Storage classes in C

From C compiler’s point of view, a variable name identifies some physical location within the computer where the string of bits representing the variable’s value is stored. There are basically two kinds of locations in a computer where such a value may be kept— Memory and CPU registers. It is the variable’s storage class that determines in which of these two locations the value is stored.
Moreover, a variable’s storage class tells us:

  1. Where the variable would be stored.
  2. What will be the initial value of the variable, if initial value is not specifically assigned.(i.e. the default initial value).
  3. What is the scope of the variable; i.e. in which functions the value of the variable would be available.
  4. What is the life of the variable; i.e. how long would the variable exist.
    There are four storage classes in C:

  1. Automatic storage class
  2. Register storage class
  3. Static storage class
  4. External storage class

1) Automatic Storage Class

The features of a variable defined to have an automatic storage class are as under:

Storage Memory
Default initial value An unpredictable value, which is often called a garbage value.
Life Till the control remains within the block in which the variable is defined
Scope Local to the block in which the variable is defined.

Following program shows how an automatic storage class variable is declared, and the fact that if the variable is not initialized it contains a garbage value.

#include<stdio.h>
int main() {
	auto int i, j;
	printf("\n%d %d", i, j);
	getchar();
	return 0;
}

2) Register Storage Class

The features of a variable defined to be of register storage class are as under:

Storage CPU Registers
Default initial value garbage value.
Life Till the control remains within the block in which the variable is defined.
Scope Local to the block in which the variable is defined.

A value stored in a CPU register can always be accessed faster than the one that is stored in memory. Therefore, if a variable is used at many places in a program it is better to declare its storage class as register. A good example of frequently used variables is loop counters. We can name their storage class as register.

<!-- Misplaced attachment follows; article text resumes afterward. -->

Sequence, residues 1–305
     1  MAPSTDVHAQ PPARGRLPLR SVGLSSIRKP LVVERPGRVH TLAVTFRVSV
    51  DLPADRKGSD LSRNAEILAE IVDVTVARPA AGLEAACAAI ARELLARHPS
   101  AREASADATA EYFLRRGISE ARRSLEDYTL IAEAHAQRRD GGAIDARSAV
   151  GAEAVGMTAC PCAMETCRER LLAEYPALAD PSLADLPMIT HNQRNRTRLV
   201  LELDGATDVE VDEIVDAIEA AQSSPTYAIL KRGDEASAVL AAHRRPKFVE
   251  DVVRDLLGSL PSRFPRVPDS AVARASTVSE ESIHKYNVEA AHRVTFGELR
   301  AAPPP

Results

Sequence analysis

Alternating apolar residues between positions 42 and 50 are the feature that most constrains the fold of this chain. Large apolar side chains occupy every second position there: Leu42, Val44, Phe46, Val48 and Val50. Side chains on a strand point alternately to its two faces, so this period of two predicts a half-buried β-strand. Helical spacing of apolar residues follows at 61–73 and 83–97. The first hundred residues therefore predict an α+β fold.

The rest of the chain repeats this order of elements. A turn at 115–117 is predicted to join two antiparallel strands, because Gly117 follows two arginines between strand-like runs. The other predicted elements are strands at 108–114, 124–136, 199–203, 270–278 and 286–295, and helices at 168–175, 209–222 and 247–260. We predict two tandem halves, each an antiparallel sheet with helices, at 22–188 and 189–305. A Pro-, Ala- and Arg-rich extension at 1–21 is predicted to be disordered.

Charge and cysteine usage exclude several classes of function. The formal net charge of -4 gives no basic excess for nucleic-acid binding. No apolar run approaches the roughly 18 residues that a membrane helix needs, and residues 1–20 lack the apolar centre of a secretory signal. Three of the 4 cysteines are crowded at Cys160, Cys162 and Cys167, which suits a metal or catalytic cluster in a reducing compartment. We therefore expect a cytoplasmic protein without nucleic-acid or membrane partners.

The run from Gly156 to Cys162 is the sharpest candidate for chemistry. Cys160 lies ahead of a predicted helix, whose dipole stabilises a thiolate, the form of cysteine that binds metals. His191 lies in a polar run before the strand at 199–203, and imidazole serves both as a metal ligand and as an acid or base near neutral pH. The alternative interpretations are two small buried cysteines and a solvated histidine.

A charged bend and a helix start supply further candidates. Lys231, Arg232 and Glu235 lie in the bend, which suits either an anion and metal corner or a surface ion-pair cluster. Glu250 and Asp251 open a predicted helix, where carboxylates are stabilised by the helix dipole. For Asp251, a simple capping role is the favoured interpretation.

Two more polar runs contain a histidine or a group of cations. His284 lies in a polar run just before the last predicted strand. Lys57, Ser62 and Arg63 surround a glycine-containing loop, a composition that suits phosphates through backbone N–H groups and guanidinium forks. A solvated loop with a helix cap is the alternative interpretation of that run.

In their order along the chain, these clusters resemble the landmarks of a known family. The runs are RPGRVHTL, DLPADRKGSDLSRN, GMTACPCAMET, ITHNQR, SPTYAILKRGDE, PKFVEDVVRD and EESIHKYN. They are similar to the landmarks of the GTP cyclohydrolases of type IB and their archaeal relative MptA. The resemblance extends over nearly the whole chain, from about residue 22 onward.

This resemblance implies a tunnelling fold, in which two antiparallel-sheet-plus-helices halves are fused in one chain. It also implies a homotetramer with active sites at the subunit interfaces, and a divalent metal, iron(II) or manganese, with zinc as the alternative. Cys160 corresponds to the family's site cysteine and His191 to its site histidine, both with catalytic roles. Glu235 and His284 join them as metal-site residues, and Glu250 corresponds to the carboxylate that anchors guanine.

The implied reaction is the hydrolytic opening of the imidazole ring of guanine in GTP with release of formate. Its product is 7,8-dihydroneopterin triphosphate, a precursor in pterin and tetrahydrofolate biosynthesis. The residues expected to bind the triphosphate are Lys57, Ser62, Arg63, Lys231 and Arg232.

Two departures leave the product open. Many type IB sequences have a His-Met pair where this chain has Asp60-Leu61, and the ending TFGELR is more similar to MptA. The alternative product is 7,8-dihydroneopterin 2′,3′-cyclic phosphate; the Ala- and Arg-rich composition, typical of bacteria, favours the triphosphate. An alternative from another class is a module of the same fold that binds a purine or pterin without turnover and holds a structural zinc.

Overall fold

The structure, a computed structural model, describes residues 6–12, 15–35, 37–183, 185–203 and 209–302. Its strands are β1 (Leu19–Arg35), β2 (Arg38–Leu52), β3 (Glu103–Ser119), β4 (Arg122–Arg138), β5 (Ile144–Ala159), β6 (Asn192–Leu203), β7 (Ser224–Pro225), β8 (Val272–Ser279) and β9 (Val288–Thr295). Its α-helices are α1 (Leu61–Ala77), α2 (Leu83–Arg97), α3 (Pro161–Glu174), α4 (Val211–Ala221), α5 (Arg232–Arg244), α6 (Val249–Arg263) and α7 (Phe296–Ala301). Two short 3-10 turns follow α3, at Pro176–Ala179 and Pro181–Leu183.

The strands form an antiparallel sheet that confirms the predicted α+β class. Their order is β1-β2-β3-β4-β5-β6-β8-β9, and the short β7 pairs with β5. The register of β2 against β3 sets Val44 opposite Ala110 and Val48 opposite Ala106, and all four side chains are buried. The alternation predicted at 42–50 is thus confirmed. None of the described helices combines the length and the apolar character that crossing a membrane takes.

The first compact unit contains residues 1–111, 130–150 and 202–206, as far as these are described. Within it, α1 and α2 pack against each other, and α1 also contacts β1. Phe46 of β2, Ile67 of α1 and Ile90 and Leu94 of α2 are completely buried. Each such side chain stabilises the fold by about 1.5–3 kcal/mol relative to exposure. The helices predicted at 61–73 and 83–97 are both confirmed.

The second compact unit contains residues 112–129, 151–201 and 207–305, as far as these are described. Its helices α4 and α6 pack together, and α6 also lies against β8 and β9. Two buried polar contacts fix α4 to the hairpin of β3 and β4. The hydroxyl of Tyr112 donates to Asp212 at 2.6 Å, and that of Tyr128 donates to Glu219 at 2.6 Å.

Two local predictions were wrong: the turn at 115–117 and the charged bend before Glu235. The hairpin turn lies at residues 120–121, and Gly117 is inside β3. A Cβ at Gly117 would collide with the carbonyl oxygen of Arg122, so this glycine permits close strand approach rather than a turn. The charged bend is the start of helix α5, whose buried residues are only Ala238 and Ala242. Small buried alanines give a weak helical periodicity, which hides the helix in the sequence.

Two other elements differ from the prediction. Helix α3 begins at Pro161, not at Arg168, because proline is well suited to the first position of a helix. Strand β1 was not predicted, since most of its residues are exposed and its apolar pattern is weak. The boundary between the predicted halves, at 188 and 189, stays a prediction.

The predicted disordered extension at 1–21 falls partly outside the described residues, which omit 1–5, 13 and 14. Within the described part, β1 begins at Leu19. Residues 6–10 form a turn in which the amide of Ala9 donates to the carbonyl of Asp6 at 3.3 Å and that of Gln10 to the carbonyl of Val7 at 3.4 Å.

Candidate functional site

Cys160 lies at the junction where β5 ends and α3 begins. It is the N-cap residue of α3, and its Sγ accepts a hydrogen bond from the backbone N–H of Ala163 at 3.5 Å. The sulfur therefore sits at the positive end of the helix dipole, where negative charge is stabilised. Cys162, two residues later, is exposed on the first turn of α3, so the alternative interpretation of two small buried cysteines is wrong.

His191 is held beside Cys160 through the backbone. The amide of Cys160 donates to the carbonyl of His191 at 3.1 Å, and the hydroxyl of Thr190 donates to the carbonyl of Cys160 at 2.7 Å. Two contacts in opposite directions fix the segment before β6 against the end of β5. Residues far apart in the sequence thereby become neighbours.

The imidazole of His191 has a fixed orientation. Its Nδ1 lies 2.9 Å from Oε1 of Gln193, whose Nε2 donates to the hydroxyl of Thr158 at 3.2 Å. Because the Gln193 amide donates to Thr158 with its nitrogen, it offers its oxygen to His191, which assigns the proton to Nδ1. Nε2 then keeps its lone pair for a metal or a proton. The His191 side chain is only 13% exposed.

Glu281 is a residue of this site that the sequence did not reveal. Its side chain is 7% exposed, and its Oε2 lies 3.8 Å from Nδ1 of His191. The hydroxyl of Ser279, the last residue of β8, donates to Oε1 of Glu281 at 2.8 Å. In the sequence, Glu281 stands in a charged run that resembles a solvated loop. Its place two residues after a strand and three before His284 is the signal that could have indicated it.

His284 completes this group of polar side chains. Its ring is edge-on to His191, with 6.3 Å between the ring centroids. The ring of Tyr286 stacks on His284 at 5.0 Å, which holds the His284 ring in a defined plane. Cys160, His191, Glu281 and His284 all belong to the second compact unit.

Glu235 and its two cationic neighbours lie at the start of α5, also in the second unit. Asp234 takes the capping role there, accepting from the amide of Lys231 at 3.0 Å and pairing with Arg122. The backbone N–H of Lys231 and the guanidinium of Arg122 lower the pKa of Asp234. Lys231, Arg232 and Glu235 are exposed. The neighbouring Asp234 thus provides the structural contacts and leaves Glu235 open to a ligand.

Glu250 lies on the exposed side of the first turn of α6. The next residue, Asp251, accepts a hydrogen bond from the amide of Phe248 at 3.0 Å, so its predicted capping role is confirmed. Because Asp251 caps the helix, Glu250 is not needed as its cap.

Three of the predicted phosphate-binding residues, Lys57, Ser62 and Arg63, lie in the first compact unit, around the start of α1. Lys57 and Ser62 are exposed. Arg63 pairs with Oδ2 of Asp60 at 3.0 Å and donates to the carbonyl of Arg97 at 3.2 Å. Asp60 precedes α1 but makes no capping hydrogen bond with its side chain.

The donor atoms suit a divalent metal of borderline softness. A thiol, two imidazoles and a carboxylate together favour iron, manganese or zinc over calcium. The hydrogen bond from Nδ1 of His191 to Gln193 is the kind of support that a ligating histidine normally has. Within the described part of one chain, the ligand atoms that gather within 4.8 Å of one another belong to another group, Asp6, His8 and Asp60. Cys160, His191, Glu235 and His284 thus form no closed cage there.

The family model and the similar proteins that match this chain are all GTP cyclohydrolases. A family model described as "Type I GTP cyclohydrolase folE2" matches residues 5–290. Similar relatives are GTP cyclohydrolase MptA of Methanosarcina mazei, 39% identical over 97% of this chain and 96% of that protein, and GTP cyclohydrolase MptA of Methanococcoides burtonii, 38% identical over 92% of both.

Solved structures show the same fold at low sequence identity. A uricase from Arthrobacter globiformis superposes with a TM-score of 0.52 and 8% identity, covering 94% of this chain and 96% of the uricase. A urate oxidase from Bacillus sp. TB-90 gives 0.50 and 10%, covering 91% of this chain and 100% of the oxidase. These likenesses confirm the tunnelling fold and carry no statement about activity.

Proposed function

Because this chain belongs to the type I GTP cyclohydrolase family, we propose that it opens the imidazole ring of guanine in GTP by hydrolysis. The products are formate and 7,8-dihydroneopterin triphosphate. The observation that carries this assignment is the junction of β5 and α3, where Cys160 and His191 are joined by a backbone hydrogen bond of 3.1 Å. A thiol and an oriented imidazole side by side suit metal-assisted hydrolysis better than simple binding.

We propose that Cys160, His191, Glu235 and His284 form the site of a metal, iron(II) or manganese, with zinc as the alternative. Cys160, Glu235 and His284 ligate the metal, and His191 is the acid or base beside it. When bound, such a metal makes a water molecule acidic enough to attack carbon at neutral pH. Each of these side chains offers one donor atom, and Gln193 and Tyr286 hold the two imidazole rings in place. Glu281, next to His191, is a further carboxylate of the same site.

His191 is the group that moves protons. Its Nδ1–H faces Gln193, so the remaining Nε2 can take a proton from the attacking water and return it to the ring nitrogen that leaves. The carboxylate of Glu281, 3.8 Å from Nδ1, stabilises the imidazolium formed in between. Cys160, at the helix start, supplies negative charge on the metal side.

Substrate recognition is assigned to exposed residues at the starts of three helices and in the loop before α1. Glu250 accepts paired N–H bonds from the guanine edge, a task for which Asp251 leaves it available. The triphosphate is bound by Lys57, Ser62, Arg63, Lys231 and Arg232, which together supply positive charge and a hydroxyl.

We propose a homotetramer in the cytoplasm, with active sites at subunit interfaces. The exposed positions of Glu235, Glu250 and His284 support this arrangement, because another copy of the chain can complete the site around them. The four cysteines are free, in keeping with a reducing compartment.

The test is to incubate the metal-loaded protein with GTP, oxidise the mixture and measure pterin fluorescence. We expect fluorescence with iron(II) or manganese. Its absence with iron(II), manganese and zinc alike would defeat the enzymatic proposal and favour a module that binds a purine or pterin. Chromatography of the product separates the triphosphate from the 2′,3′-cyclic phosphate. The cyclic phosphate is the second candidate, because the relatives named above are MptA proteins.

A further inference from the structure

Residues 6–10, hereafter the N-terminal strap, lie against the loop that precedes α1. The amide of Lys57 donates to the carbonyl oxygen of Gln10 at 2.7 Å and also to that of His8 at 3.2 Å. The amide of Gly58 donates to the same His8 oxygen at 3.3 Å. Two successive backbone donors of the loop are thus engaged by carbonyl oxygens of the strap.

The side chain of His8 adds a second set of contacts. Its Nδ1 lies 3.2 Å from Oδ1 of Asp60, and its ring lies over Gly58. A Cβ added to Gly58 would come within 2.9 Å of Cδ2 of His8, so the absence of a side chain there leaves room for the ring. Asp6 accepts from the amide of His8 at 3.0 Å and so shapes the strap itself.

#include<stdio.h>
int main() {
	register int i;
	for (i = 1; i <= 10; i++)
		printf("\n%d", i);
	getchar();
	return 0;
}

Here, even though we have declared the storage class of i as register, we cannot say for sure that the value of i would be stored in a CPU register. Why? Because the number of CPU registers are limited, and they may be busy doing some other task. What happens in such an event… the variable works as if its storage class is auto.

3) Static Storage Class

The features of a variable defined to have a static storage class are as under:

Storage Memory
Default initial value Zero
Life Value of the variable persists between different function calls.
Scope Local to the block in which the variable is defined.
#include<stdio.h>
int main() {
	increment();
	increment();
	increment();
	getchar();
	return 0;
}
increment() {
	static int i = 1;
	printf("%d\n", i);
	i = i + 1;
}

4) External Storage Class

The features of a variable whose storage class has been defined as external are as follows:

Storage Memory
Default initial value Zero
Life As long as the program’s execution doesn’t come to an end.
Scope Global.
#include<stdio.h>
int i; // global variable
int main() {
	extern var; // another global variable, note the extern keyword
	printf("\ni = %d", i);
	increment();
	increment();
	decrement();
	decrement();
	getchar();
	return 0;
}
var = 10;
increment() {
	i = i + 1;
	printf("\non incrementing i = %d", i);
}
decrement() {
	i = i - 1;
	printf("\non decrementing i = %d", i);
}